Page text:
At the beginning of each year, Data Aire schedules training or a refresher on several critical safety topics. The safer our team is, the better we maximize our lean manufacturing processes and maintain on-time delivery. One course we offer is NFPA 70e Arc Flash training. Many people may be aware of this standard or know of it because they’re in an industry that requires employees that work with higher electrical current loads to have this training. Others may be less familiar with this topic. Let’s break it down and cover the key points you need to know if you or your employees are exposed to electrical current that could result in an arc flash.
What is NFPA?
NFPA is short for National Fire Protection Association which is a trade association that creates and copyrights standards and codes which are then often adopted by government agencies. FYI – The NFPA is best known for its sponsorship of the National Electrical Code which we’ve all heard of!
The specific NFPA standard we’re discussing, 70e, describes safe electrical work place practices for electrical construction, service and maintenance. Keep in mind, this is not intended for the electrical utility companies per se but rather industrial applications and construction operations. It also doesn’t cover other safety topics other than where PPE for electrical work is specified.
And, another consideration: even though NFPA 70e is not necessarily a law — since you won’t find it incorporated into The OSHA CFR (Code of Federal Regulations), OSHA does require that employers must warn employees about any electrical hazards that exist in the workplace. The NFPA 70E standard outlines a widely-accepted approach to meet OSHA’s requirement for this particular hazard.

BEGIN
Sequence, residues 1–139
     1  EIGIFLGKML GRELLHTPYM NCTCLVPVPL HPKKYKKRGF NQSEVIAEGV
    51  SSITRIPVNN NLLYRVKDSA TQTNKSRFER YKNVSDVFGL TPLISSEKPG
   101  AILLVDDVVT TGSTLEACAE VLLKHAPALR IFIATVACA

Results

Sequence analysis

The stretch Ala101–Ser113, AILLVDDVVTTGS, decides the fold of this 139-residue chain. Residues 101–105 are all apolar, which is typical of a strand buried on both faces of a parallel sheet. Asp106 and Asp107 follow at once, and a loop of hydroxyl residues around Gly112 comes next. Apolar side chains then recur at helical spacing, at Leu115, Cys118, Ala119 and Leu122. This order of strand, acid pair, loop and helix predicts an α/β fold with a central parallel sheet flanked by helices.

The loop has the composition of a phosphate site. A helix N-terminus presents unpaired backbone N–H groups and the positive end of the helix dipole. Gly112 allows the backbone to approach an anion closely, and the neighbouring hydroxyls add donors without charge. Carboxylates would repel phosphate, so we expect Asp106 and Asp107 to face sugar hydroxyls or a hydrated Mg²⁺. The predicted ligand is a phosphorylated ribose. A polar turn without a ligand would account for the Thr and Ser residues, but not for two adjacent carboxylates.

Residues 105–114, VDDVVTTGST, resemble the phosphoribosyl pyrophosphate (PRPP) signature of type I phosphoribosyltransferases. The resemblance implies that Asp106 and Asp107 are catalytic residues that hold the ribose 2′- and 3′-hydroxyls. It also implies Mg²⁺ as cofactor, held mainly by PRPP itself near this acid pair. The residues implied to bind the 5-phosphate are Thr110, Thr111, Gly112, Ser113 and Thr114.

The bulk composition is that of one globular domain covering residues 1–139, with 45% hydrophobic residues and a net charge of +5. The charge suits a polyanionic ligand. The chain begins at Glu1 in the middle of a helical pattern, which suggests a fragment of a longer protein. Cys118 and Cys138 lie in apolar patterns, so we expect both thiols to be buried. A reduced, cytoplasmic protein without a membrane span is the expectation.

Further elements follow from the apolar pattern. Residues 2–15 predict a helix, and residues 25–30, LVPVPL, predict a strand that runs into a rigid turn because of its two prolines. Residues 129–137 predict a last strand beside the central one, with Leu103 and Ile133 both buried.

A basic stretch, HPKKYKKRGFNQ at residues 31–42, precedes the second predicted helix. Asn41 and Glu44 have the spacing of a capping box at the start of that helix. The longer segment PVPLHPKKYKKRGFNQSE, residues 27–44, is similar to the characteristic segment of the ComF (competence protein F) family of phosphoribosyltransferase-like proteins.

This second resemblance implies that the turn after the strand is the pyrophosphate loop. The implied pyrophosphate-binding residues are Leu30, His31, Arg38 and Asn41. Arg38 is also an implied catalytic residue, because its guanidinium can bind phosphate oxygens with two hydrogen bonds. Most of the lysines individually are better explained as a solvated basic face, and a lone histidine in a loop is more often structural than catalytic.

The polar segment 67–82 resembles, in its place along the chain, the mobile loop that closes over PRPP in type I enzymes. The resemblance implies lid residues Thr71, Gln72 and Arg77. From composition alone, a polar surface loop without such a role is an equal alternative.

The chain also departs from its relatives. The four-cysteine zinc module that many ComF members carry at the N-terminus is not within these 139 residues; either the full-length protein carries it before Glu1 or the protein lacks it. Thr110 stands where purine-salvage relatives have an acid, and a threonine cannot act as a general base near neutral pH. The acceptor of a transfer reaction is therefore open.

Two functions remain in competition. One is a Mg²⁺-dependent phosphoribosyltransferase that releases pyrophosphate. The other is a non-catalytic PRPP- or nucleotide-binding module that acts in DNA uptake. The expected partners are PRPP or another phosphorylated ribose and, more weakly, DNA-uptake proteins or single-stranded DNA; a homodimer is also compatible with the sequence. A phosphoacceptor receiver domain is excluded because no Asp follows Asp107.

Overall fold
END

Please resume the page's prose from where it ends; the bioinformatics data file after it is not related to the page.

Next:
What is an Arc Flash and How Can an Arc Flash Happen?
An arc flash is an undesired electric discharge that travels through the air between conductors or from a conductor to a ground. The resulting explosion can cause serious harm to people, fires and damage to equipment. The arc flash occurs during a short circuit. It happens when current flows thru an air gap between conductors. Dust and corrosion or even normal wear and tear can be factors that result in an arc flash.
The temperature of an arc flash may actually exceed 35,0000 F (hotter than the Sun) and is capable of vaporizing metal and sending a blast of plasma (think of it as a gas that can conduct electrical current) and molten metal in all directions with extreme force. Generally, an electrical system must run at 480V or greater to supply an arc flash; the higher the voltage, the higher the risk. Injury and damage are caused both by the explosion of the arc flash and by the heat radiating from the blast.
It is possible to protect against arc flash with the proper protective equipment and, more importantly, safety procedures and training. Your safety consultant / suppliers can help you with selection of proper PPE (personal protective equipment) for your operation.
However, the most important thing you can begin with is education. Short three to four-hour classes are available to quickly bring you up to speed. Once you know what is required, you can plan your approach. Start making plans today and make safety a priority!